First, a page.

Maggi is liquid gold. Maggi is curry-flavored magic, my childhood in a bowl. Maggi is perfect when soupy, perfect sans broth, perfect even straight out of the fridge. What Maggi is is this — a brick of instant noodles that you crack in half over boiling water, then cook with a flavored powder that looks like straight-up turmeric and tastes like 2,000 percent of your daily recommended sodium intake. Maggi 2-Minute Noodle is a phenomenon: In 2014, according to Fortune, Indians consumed 400,000 tons of it.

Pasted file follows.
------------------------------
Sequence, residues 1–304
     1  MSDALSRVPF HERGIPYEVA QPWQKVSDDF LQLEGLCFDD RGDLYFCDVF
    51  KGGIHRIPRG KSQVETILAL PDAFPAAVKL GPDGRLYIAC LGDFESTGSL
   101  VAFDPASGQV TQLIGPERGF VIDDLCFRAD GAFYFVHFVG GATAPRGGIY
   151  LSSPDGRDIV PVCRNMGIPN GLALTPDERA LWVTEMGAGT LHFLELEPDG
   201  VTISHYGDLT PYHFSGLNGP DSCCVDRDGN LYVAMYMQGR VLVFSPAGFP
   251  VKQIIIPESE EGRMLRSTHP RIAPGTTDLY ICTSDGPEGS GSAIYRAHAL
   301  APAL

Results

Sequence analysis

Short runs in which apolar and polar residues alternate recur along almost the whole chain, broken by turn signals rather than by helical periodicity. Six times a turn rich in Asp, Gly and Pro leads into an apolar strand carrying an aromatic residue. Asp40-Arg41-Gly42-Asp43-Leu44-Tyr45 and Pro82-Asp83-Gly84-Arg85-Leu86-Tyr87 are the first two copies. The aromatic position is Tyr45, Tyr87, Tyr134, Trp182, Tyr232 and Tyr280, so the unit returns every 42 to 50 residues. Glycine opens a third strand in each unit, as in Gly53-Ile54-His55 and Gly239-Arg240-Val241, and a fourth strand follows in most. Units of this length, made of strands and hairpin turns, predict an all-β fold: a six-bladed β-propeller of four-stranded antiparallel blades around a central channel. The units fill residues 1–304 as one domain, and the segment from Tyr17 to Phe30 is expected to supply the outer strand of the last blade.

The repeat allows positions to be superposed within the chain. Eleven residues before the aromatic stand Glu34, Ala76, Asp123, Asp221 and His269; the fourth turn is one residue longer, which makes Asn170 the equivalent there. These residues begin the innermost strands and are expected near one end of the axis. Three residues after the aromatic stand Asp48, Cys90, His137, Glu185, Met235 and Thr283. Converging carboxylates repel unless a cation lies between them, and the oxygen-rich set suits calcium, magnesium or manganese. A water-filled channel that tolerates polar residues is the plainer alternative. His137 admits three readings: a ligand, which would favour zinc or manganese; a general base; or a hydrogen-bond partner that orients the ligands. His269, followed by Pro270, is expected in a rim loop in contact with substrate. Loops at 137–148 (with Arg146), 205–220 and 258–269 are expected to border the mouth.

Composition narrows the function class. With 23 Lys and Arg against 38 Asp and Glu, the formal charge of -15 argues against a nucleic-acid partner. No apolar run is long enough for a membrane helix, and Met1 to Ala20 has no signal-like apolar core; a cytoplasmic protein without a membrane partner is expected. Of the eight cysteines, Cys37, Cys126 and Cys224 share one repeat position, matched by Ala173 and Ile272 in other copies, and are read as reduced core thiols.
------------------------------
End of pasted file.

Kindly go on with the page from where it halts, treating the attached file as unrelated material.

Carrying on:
Maggi originated in Switzerland, was later acquired by the Swiss-owned Nestlé, and began import to India in 1983, just 36 years after the country became independent from colonial British rule. By the early 2000s, Maggi had found a frantic, loyal consumer base in metropolitan India. It’s unclear what Maggi’s curry flavor is supposed to represent, since no Indian curry I’ve ever tasted bears a passing resemblance: I have to assume it must be that European-adjacent brand of nuclear yellow curry, heavy on nondescript “curry powder” and low on any depth of flavor. But Maggi’s appeal lies in its potential for customization — no one I know eats Maggi as-is. My friends make it with fried garlic, red chile powder sprinkled on top. My mom cooks hers with cut-up hot dogs. As a kid, I liked mine with peanuts, doused in ketchup. These doctored dishes are now an indelible memory for a generation of consumers, nostalgia wielded as a powerful marketing tool.